DongFeng 31A (CSS-9) Intercontinental Ballistic Missile
The DongFeng 31A (NATO reporting name: CSS-9 Mod-2) is a road-mobile, three-stage, solid-propellant intercontinental ballistic missile (ICBM), designed to carry a single 1,000kT thermal nuclear warhead. The missile was developed from the DongFeng 31 (CSS-9), with extended range and improved performance. About 10 DongFeng 31A missiles have been deployed by the PLA Second Artillery Corps since 2006~07 to supplement its silo-based DongFeng 5 (CSS-4) ICBM. A submarine-launched ballistic missile JuLang 2 is also being developed based on the DongFeng 31 technology.
The DongFeng 31A offers a number of technological and operational advantages over older Chinese missiles such as DF-4 (CSS-3). Instead of being launched from a fixed location, the DongFeng 31A can be transported on its transporter-erector-launcher (TEL) vehicle to one of many predetermined launch sites, giving greater survivability in the event of a first strike. The use of solid propellant gives the missile a longer service lifespan and shorter launch preparation time compared to the liquid fuel ICBMs.
The DongFeng 31A is said to be armed with a lightweight warhead allegedly copied from the U.S. W-88 or W-70 warhead designs, though so far no sound evidence has been found to support this claim. Furthermore, the DongFeng 31A is believed to have incorporated many advanced technologies similar to current generation Russian ICBMs, including the use of penetration aids such as decoys or chaffs to complicate enemy’s missile warning and defence system.
DongFeng 31A launch test (Chinese Internet)
The DongFeng 31 programme began in 1986, originally intended as a successor to the DF-4 (CSS-3) intermediate-range ballistic missile (IRBM) to cover targets in the European theatre of the Soviet Union. The design task was assigned to the 4th Department (Solid-Propellant Missile Design Department, now part of the CASIC 4th Academy). The solid-propellant rocket motors used on the first- and second-stage of the DongFeng 31 were successfully tested in late 1983. The third-stage rocket motor was tested in mid-1984. The programme entered the engineering development phase in 1987.
The first test launch of the missile using a dummy warhead was conducted on 2 August 1999, from Taiyuan missile test facility (known as Wuzhai Missile Test Centre) in Shanxi Province to the impact zone in Lop Nor in Xinjiang. The test was only partially successful. The DongFeng 31 missile system was briefly displayed during the 1999 National Day military parade, though the missile itself could not be seen as it was concealed in the large canister carrier on a truck-trailer transport-erection-launch (TEL) vehicle. Two further tests were carried out in late 2000, but they were said to be also unsuccessful.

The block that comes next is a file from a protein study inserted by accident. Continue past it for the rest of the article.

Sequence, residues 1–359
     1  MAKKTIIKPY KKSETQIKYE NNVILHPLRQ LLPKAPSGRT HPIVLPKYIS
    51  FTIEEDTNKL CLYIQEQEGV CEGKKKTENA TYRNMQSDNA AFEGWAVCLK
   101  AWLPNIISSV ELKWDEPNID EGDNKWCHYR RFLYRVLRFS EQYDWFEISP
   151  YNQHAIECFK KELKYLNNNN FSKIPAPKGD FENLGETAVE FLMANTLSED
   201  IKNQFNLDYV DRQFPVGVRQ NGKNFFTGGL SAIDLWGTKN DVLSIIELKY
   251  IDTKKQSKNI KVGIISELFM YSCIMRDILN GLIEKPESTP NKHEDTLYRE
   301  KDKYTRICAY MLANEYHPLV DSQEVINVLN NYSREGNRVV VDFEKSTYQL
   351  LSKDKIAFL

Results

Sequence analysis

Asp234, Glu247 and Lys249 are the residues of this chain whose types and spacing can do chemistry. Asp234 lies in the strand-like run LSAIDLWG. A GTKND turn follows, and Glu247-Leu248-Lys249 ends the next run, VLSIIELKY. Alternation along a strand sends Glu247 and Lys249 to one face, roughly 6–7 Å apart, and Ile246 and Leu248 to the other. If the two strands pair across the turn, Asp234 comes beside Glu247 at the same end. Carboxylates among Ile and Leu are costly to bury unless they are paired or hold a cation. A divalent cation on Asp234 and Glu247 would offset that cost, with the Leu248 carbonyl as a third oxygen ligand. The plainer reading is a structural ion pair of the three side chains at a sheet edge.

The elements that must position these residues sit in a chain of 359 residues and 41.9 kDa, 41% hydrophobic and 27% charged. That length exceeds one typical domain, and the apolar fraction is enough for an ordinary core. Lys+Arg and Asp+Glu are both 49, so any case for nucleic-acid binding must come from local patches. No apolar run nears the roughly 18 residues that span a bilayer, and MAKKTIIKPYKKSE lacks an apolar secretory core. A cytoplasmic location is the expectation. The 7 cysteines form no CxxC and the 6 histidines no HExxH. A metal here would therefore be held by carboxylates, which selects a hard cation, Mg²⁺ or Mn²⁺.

DongFeng 31A TEL vehicle (Chinese Internet)
The DongFeng 31 was originally developed in parallel with the 12,000km-range DF-41 (CSS-X-10) ICBM. However, the end of the Cold War and a review of China’s nuclear strategy resulted in the DF-41 being cancelled in the late 1990s, leaving DongFeng 31 China’s only active ICBM programme. However, with its maximum range of 8,000km, the DongFeng 31 was regarded inadequate to provide an effective nuclear deterrent. For example, when launched from central China, the missile could only reach a smaller corner of the west coast of the United States. This limitation, coupled with various design flaws and technical issues, led to the decision to develop an improved variant DongFeng 31A, which caused further delay in the operational deployment of the missile. A flight test of the DongFeng 31A was carried out on 4 September 2006, and the test was said to be fully successful.
The 2007 U.S. Department of Defense (DOD) report to congress on the PRC military power suggested that the DongFeng 31 had reached “initial threat availability (ITA)” in 2006 and possible “operational status by May 2007”. The 2008 version of the report confirmed that less than 10 DongFeng 31A missiles/launchers were being deployed by units within the PLA Second Artillery Corps.
DongFeng 31A third-stage (PLA Pictorial)
It was estimated that the DongFeng 31A had a payload of about 700kg (other source suggested between 1,050 and 1,750kg), which can be equipped with a single 1,000kT yield nuclear warhead. The maximum range of the missile is 10,700~11,200km. The missile uses an inertial guidance system that is equipped with a stellar update system, and is expected to have an accuracy of at least 300m CEP. Some resource suggested that the silo and TEL-based versions of the DongFeng 31A have 100m and 150m CEP respectively.
The road-mobile DongFeng 31A is carried inside a large canister launcher mounted on a 16-wheeled HY473 or HY4301 TEL consisting of a tractor and a semi-trailer. The TEL vehicle appeared to be only suitable for road travelling, with little, if any, off-road travelling capability. A new single 12- or 16-wheeled TEL similar to those used by the Russian ICBM systems is reportedly in development. There has been speculation that China was also developing a railway-based TEL for the DongFeng 31 but this cannot be confirmed.
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Official name: DongFeng 31A (DF-31A)
NATO reporting name: CSS-9 Mod-2
Contractor: CASIC 4th Academy
Service status: In service
Configuration: Three-stage, solid propellant
Deployment: Road mobile, 8X8 tractor truck + 8-wheel trailer; or silo
Body diameter: 2.25m
Launch weight: 42,000kg
Re-entry vehicle mass: 700kg (or 1,050~1,750kg)
Warhead: One single 1,000kT yield
Guidance: Inertial + stellar update
Accuracy: 100~300m CEP
Launch preparation time: 15~30 min
Last update: 15 February 2009